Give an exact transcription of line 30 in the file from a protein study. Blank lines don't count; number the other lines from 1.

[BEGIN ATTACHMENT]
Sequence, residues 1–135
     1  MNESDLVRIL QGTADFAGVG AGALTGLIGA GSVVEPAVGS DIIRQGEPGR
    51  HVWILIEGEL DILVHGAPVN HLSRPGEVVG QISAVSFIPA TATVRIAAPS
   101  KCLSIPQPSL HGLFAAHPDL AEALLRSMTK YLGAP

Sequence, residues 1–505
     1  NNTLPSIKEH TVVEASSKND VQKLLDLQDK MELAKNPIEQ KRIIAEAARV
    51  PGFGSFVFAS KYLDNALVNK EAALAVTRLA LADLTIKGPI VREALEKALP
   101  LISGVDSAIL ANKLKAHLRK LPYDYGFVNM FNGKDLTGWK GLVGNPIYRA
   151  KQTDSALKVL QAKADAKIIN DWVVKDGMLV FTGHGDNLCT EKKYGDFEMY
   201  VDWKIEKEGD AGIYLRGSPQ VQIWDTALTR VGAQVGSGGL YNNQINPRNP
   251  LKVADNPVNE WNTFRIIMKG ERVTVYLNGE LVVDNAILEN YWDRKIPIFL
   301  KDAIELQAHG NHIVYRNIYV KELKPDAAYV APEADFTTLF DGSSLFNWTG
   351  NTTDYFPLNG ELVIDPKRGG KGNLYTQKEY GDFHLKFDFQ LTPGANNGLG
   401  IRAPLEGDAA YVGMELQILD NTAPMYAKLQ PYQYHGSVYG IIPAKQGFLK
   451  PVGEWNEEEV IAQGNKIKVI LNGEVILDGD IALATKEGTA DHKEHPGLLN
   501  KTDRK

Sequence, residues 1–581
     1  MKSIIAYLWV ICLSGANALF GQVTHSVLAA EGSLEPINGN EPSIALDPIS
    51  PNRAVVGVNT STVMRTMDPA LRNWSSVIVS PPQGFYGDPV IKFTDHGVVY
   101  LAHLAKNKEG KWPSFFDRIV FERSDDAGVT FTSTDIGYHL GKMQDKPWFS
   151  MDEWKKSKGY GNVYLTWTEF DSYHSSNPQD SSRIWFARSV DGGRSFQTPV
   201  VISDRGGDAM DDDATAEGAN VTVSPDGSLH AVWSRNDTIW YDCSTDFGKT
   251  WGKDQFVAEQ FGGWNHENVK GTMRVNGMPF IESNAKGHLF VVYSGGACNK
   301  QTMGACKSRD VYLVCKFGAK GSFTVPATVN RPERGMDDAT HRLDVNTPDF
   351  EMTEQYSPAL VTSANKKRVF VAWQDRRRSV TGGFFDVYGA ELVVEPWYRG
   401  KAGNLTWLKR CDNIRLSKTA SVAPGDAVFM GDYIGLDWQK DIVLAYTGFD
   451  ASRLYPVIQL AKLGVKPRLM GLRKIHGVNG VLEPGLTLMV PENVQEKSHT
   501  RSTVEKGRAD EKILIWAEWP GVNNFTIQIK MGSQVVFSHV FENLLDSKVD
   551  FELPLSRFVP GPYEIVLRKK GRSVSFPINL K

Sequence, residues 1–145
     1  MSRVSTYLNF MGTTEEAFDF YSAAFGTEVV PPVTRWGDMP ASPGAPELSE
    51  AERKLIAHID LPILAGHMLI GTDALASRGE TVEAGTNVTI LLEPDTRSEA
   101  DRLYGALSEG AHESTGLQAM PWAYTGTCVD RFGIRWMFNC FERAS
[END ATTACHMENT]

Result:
Sequence, residues 1–145